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Section 80C of the Income Tax Act allows certain investments and expenditure to be tax-exempt. One must plan investments well and spread it out across the various instruments specified under this section to avail maximum tax benefit. Unlike Section 88, there are no sub-limits and is irrespective of how much you earn and under which tax bracket you fall.
The total limit under this section is Rs 1 lakh. Included under this heading are many small savings schemes like NSC, PPF, life insurance, ELSS and other pension plans. Payment of life insurance premiums and investment in specified government infrastructure bonds are also eligible for deduction under Section 80C.
Most of the Income Tax payees try to save tax by saving under Section 80C of the Income Tax Act. However, it is important to know the Section in total so that one can make best use of the options available for exemption under income tax Act. This section provides tax rebate not only for the investments you made but also for the expenditures you incurred to acquire various assets.
The investments that fall under Section 80C can be broadly classified as contributions / investments to:
• Provident Fund
• Public Provident Fund
• Life insurance premium
• Pension plans
• Equity Linked Saving Schemes of mutual funds
• Infrastructure bonds
• National Savings Certificate
Besides these investments, the payments towards the principal amount of your home loan are also eligible for an income deduction. Education expense of children is increasing by the day. Under this section, there is provision that makes payments towards the education fees for children eligible for an income deduction.
In 2008, Senior Citizens Saving Scheme 2004 and the Post Office Five Year Term Deposit Account have been added to the basket of saving instruments under Section 80(C) of the Income Tax Act. An additional deduction of Rs.15, 000 under Section 80D has been allowed to an individual who pays medical insurance premium for his/her parent(s).
As given above, the limit under this section 80C is Rs.100, 000, irrespective of how much you earn and under which tax bracket you fall. Also, there are no sub-limits under this overall Rs 100,000 amount. Therefore, if you like, you can invest the entire amount in ELSS or NSCs. If you are repaying a home loan and the principal repayment amounts to Rs 100,000, then you can claim the entire amount as a deduction and thus no further savings will be needed.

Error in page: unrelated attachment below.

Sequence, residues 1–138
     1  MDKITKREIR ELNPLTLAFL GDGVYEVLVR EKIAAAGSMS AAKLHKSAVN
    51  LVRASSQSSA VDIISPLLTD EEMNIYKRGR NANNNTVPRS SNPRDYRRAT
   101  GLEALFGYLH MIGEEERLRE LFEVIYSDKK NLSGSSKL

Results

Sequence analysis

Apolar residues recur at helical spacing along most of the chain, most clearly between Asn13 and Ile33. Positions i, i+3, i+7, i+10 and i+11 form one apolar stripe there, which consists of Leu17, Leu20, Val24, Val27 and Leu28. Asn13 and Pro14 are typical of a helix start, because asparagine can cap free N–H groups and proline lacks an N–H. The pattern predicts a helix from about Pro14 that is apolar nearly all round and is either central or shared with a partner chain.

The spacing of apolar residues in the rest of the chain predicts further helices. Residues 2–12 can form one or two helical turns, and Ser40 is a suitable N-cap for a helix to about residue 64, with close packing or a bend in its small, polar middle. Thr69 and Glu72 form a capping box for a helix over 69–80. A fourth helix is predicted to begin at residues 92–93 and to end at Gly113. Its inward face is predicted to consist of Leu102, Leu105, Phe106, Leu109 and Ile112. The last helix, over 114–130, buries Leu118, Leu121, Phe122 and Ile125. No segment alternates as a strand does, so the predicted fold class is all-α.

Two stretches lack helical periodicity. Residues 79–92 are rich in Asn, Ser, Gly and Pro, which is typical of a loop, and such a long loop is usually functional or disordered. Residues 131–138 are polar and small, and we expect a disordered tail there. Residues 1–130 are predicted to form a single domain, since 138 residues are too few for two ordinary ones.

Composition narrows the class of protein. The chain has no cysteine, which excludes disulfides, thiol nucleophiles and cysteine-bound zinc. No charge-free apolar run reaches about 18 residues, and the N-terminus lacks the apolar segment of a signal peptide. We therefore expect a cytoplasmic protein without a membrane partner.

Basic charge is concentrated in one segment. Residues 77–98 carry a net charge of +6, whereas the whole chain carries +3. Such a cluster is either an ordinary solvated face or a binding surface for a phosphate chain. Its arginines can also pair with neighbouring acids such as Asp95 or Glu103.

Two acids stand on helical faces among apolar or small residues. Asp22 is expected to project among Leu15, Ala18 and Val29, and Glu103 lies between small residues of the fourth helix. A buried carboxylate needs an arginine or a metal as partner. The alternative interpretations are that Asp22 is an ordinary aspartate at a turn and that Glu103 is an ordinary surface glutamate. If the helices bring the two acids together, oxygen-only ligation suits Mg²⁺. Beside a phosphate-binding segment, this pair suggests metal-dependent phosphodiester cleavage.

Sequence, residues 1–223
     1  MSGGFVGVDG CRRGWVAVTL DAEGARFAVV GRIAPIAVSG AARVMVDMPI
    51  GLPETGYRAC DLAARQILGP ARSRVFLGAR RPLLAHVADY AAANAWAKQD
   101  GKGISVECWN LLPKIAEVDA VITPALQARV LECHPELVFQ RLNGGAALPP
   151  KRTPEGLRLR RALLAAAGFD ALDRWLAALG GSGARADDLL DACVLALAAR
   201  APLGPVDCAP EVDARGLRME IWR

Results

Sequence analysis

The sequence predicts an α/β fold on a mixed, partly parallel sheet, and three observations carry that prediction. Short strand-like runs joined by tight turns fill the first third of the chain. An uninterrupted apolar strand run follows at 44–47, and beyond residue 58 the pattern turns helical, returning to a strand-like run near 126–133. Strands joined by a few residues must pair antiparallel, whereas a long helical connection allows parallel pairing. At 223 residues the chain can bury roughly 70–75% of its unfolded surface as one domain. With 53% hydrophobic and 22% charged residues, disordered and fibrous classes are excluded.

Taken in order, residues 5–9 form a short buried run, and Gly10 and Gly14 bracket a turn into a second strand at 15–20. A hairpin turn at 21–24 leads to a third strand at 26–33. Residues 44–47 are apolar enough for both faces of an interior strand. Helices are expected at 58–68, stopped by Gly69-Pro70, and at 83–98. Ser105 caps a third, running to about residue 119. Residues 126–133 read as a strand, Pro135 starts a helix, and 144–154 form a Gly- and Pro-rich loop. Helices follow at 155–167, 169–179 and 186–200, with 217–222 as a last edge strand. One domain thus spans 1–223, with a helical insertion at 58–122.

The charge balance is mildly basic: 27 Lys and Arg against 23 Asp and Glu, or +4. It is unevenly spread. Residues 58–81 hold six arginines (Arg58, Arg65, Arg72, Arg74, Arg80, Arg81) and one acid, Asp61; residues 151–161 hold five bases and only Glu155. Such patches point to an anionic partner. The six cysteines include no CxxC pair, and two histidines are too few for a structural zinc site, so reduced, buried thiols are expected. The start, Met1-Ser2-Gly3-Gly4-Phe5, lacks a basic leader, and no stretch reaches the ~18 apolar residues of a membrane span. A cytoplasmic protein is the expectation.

All the above must be made from the current year\’s earnings and not past earnings.
Tips to avail the maximum benefits Under Section 80C:
(1) Explore the possible tax benefits, which can be availed from every Savings/Investments/Expenditures you do:
(A) Savings in Provident Fund:
Salaried income tax payee are usually have a forced saving which are eligible for deduction under section 80C. A fixed percentage of basic salary (ranges from 8.33% 12%) is deducted by your employer towards the Employees Provident Fund (EPF). Some employers allow higher deduction towards EPF. Thus, you should first of all check the total amount that is expected to be deducted towards EPF during the financial year. The total amount deducted from your salary will be eligible for investments under Section 80C.
(B) Interest earned from National Saving Certificates:
In case you have purchased NSCs during some earlier years, then the accrued interest as per the tables released by authorities is eligible for deductions under Section 80C.
(C) Home Loan Principal Repayment:
There is a provision that the payment made for repayment of the principal amount (not interest payment) of the Home Loan is eligible for a deduction under Section 80C if you have taken a home loan and you fulfill certain conditions.
(D) Tuition fee paid for your children education:
Most of the young couples and middle aged income tax payee incur quite high payments towards the education fees of their children. The expenditure incurred on education fees is also eligible for a deduction under Income Tax Act, Thus, if you are incurring expenditure towards education fee of your children, please check whether these are eligible for deduction under the IT Act.
(2) Lock in period in case of Tax saving investment/savings plans:
Tax saving investments; normally have a minimum lock-in period i.e. the period during which withdrawals are usually not allowed. If the same are withdrawn before the lock in period, these will be taxable in the year of withdrawal. For example, National Savings Certificates (NSC) has a lock-in period of six years, Public Provident Fund (PPF) has a lock-in of 15 years, Equity Linked Saving Schemes (ELSS) has a lock-in period of three years. Insurance policies have even greater period of lock in.
(3) Consider your life goals while making every investment to save tax:
You are saving every year and while saving you normally have some goal in mind, e.g. to meet the expenditure on education of children, purchase of a vehicle or house or marriage of your children. Therefore, you should always look at the investments from the angle whether it will meet your specific requirements on maturity. You should also try to diversify your savings in different instruments.
For instance, if you have already invested a fair portion of your money in equity (shares and mutual funds that invest in shares), avoid an ELSS. Opting for an ELSS means a huge portion of your investments will be in equity and that may not be what you want. Small savings schemes are usually preferred by the risk-averse people. Equity-linked savings schemes (ELSS) are a good option to consider for those with appetite for risk. ELSS tax savers are like any other diversified equity fund, but with a three-year lock-in, providing benefits under Section 80C.